We all think that scientists have crazy hair, wear lab coats and are geniuses. Looking at myself, 2 of 3 ain't bad; genius I am not. Is crazy hair and being insanely smart to the point of social-awkwardness really what makes a scientist?
Lynds and I often chat about what it means to be a scientist. Lynds has just finished her PhD, and I am heading towards the end of mine (in a 'how-long-is-a-piece-of-string way). Lynds often discusses scientific life, and stereotypes on her blog. One day she pointed out that many of us pursuing scientific careers aren't necessarily that intelligent, just have strong interests. This is very true and it got me thinking about why are we suitable to do a PhD in the first place, and what makes us scientists.
If we look into peer-review or Google for what makes a scientist, we find ideas such as; ability to question things, productivity through peer-reviewed literature, balancing efficiency and enjoyment, ability to be impartial, observant and diligent. The list goes on. Yahoo had some terrible answers to this question, including being smart, having good grades, 'being good at science... whatever that means', being good at maths etc. This only negatively portrays scientists as being smart geeks, rather than someone who pursues knowledge and answers. But what really makes a scientist and who are they?
Do these people look like Scientists to you?
Curiosity: For most scientists, the thing that drives us is our curious natures. We ask questions like: Why does that work? How does it work? How can i make that work better? Asking questions of everything is what scientists do. It drives education, passion and ideas.
Passion: Like Lynds suggested, we all have a strong interest in something academic. This leads us to wanting to learn more about it, and in some ways pursue a career in that direction. However, it doesn't just stop at 'keen-interest', but devours us in passionate rants and love for the science. Blogging, teaching, pursuing ideas when others disagree, all demonstrate a love and a passion for the art of science.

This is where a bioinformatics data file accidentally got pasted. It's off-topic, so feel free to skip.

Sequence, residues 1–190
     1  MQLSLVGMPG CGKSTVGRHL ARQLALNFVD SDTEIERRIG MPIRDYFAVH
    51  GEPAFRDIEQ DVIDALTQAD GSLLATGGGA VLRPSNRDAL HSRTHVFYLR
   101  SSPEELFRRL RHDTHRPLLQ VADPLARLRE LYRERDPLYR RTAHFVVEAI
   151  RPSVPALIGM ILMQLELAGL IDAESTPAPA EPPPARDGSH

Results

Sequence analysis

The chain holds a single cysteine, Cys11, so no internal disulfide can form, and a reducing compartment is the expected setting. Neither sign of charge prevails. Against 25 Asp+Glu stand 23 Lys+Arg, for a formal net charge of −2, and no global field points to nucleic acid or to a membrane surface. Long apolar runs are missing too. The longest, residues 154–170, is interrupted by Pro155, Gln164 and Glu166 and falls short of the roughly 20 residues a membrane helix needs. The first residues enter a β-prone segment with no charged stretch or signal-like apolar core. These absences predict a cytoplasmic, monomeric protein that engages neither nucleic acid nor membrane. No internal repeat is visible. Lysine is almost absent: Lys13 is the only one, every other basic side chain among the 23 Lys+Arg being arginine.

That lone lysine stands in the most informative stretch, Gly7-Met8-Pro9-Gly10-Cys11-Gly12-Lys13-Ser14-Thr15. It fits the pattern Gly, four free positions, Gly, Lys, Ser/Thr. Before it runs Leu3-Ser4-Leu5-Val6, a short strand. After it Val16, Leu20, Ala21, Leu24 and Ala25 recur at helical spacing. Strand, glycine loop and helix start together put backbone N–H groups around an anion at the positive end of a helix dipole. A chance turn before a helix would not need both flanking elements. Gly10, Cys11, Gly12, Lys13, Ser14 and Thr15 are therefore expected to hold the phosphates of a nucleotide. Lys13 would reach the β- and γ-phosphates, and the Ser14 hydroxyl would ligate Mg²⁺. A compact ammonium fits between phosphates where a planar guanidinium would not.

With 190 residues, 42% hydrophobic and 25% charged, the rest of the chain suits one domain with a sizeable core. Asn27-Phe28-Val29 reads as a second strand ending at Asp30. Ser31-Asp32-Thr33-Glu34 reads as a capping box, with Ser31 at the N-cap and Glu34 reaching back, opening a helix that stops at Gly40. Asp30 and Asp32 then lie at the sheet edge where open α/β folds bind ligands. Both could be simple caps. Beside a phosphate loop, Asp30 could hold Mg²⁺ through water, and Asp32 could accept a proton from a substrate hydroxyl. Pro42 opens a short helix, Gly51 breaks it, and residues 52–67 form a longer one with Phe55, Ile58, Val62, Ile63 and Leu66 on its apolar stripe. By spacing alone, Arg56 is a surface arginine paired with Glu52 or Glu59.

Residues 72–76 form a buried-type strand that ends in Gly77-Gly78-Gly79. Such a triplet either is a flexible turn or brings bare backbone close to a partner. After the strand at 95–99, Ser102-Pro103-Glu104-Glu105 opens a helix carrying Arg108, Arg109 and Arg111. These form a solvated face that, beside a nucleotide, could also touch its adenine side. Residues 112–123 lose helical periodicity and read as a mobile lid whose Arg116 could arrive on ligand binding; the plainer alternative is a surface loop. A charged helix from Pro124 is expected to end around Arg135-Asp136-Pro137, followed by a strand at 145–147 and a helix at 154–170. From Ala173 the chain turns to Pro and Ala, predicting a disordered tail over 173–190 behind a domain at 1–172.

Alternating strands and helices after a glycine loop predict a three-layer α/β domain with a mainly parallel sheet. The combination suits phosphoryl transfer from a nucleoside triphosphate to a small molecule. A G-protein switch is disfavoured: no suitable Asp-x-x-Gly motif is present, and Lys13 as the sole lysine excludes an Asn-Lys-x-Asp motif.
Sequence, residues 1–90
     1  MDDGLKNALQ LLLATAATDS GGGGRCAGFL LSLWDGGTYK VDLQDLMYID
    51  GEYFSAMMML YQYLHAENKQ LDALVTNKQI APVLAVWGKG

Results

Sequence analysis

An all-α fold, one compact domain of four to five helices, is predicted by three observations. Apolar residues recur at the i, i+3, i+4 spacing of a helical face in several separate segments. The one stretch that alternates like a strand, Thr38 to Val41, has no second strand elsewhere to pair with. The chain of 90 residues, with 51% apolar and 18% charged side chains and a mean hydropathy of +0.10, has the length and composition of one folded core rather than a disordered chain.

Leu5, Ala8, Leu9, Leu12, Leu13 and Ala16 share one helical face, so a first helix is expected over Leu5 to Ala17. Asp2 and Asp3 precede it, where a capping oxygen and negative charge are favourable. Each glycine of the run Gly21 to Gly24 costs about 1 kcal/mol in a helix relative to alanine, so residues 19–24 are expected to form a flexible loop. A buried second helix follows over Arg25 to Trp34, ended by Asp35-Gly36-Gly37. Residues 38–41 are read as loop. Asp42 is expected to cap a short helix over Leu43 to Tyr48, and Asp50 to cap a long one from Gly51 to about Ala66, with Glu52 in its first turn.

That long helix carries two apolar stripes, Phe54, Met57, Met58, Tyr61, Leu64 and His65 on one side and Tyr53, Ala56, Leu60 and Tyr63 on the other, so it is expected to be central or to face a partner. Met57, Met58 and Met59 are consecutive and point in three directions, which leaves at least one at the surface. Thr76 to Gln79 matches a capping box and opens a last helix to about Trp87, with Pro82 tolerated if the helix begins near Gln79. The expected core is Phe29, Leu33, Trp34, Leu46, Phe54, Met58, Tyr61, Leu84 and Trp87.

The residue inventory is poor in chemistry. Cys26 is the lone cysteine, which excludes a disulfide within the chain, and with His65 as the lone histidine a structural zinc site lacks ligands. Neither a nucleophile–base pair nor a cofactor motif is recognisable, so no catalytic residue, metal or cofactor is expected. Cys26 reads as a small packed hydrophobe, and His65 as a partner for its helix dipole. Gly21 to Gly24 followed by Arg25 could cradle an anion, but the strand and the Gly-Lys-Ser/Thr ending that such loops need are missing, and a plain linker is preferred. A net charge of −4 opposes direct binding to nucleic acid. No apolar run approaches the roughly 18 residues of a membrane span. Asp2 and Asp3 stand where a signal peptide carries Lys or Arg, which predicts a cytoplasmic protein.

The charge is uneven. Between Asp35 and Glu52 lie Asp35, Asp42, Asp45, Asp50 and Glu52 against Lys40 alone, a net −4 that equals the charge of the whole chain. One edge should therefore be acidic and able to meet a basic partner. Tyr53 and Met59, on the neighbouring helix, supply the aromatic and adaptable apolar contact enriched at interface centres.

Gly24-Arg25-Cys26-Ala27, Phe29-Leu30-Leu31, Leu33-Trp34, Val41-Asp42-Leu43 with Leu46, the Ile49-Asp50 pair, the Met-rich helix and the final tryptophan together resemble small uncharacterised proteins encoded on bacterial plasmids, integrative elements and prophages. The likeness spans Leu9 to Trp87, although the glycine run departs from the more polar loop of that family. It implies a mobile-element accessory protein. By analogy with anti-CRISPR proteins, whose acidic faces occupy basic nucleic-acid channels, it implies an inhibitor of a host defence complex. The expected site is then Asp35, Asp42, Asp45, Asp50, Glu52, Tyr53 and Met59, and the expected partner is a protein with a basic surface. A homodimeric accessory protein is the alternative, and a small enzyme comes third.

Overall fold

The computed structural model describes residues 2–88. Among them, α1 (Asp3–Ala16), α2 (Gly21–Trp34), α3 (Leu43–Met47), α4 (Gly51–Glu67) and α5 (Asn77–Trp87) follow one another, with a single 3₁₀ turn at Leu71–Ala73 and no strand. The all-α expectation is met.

Creativity and Problem Solving = Idea: Scientists are faced with questions, and to answer these questions we use logical thinking and bursts of creativity! We sit and think about problems and list ways to solve them: problem solving/logic. For example, if you want to make your car more powerful, you would list ways that you could do this. We then work out how this would actually work and in what form: creativity. Working out exactly how to make it your car more powerful may require some creativity, like adapting a part to suit your car. Putting your solutions together with your creative method gives you an idea.
A-Ha Moments: Ideas may come in a 'a-ha!' moment. One of my supervisors, Dr John Field, was recently explaining to our Honours Student that the answers won't come easily. Good answers and good ideas come a 2pm while having a bath; moments when you mull life and information. For me, most of these moments are in my sleep, in the shower, before I go to bed, and sometimes just when hanging out with friends (that is why I seem to day dream or pull out my phone and viciously type notes, sorry). Those moments could transpire into a new idea, new way of thinking, new technology or add to the body of scientific work; something original or different.
Synthesis and Execution of Ideas: Once you have come up with a list of ideas, you need to try them out. Learning about all sorts of random stuff, being able to pull it together and they try it out is a lot harder than you think. You have to be organised, rational, logical and pragmatic. It can be terribly boring doing the same thing 500 times in the pursuit of the answer. However you need to try your ideas (in a robust manner) before you can say you have found an answer to a problem.
Persistence and Perseverance: Things go wrong and perseverance and persistence is needed in executing ideas. Angus blew up one of his newly-made inventions the other day by putting through the wrong voltage. We spent the morning looking for new components so he can build it again. When failure happens, and it will, you have to be able to keep on pursuing the idea, keep trying or work out how to modify the problem/solution to try and get it to work. Sheer will-power, crossed with passion and creativity will make you persevere the answer.
Humble, but Confident: The most humble person I know is Australia's leading research scientist in Fire Ecology, Dr Malcolm Gill. You would not think that Malcolm was a leading researcher when you met him. He is softly spoken, open to ideas, and curious. However, he is also confident in his ideas. You have to be humble and understand that there is so much more to know, but also communicate your ideas how how they can be incorporated in the pursuit of answers.
I am a scientist!
Forget about wacky geniuses! The girl (or guy) next door could be a scientist. You could be a scientist! It isn't about intelligence, how good we are at math or appearance that makes us a scientist. It is the way we think about things that allows us to have a scientific career. We may not be geniuses, but we do come up with some pretty cool ideas and our reward is discovering or inventing something new.
I would love to hear more ideas about what you thinks makes a scientist. Drop me an idea in the Comments below.